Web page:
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Back to Basics: Carbon Fiber vs Fiberglass vs Kevlar/Aramid

While many of our readers and customers know their composite materials like the back of their hands, there are plenty of newcomers we speak to daily that are new to the composites world. Today we thought we’d get back to the basics and review the three primary fibers used in composites. Think of it like getting to reacquaint yourself with an old friend you know well but haven’t talked to in awhile.

Carbon Fiber is most highly known to be top choice in aerospace and industrial applications due to its high tensile strength, low density, high rigidity, and thermal conductivity. In fact, Carbon Fibers yield the highest material strengths across the board when compared to Kevlar or Fiberglass options. It exceeds comparable fibers in strength to weight and stiffness categorizes. For this reason, it replaces alloys in aerospace components that formerly used aluminum or titanium. Carbon Fiber composites excel at keeping dimensional tolerances as loading is applied. Although these properties are great to have, this also causes carbon fiber laminates to suddenly break or splinter suddenly upon maximum values being exceeded. Carbon Fiber does not absorb energy well, however, transfers that energy along its fibers to other sources. (Good or Bad dependent on application) It is best used with epoxy resins to achieve its maximum properties. Although special tooling and processes are not needed for fabrication purposes, vacuum equipment will greatly increase Carbon Fiber’s laminate quality.

Common Applications: High Performance Aircraft & Aerospace Structures, Drones, Skeletal Tubing, Spoilers, Boats, Sporting goods (rackets, clubs, bats, sticks, arrows, bikes) Stiffeners, Racing Parts, High End Automotive Panels, Electronics, Medical Imaging, Musical Equipment, Fishing Rods and Components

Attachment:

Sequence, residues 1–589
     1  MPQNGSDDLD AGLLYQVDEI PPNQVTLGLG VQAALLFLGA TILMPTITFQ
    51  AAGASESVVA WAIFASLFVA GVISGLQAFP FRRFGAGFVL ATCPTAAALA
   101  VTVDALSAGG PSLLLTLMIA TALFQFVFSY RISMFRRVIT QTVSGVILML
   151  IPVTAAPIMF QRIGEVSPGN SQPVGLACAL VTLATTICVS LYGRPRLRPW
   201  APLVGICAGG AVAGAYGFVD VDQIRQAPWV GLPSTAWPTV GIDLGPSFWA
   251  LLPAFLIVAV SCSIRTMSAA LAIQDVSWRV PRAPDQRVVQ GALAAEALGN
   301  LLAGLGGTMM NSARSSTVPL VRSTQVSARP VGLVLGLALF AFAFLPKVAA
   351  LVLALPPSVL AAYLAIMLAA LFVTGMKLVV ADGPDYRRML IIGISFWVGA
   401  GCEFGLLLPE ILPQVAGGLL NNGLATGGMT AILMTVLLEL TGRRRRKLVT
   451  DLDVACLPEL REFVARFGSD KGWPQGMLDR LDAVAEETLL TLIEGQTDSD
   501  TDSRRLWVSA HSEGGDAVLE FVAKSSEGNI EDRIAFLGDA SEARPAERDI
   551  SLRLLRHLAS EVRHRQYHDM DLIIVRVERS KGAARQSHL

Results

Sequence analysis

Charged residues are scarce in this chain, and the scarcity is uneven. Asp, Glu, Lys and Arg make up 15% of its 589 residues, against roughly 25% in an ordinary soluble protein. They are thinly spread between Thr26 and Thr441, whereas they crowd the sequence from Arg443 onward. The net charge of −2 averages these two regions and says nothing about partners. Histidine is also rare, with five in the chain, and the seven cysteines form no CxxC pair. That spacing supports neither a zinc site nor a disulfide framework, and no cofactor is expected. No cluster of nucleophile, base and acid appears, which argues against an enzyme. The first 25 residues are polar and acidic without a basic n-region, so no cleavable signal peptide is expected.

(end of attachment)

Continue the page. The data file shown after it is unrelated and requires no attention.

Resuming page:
Advantages What to watch for:
Highest Tensile / Compressive Strength
Highest Strength to Weight

Most Rigid

Low Coefficient of Thermal Expansion

High EMI Shielding Properties

High Cost
Corrosive to metals in contact with CFRP

Breaks suddenly

Electrically Conductive

Low Impact Strength


Fiberglass is the most used fabric type in composites today. Fiberglass’s low cost and overall strong physical properties make it a work horse for economically minded hobbyists and professionals alike. Fiberglass has a footprint in nearly every industry known to man. Fiberglass composites will still yield strong, light weight parts that can be used the widest variety of applications. There are 2 main types of fiberglass used in composites today.

Upon initial use of fiberglass, E-Glass was made for electrical purposes because it is non-conductive. This cheaper option is widely used in many applications today and while not limited to, is used as an interface for secondary bonding with carbon fiber parts to metal parts.

S-Glass is signified by strengthened fiberglass. It has ~20% strength characteristics, is stiffer and more impact resistant. While carrying a higher cost compared to E-Glass, it may deliver better cost performance depending on the application or structural needs.

Often, both types of glass are utilized in a structure. S-glass is known to be an excellent for the outer layers of a structure as it provides rigidity and strength to a structure. E-glass then reinforces and provides energy absorption to the composite. Fiberglass can be used with all thermoset resin applications. (Polyester/Vinylester/Epoxy)

Common Applications: Boats, Insulation, Auto Parts, Pools, Waterslides, Piping, Cooling Towers, Slip Resistant Surfacing, Aerospace, Fishing Rods, Pressure Vessels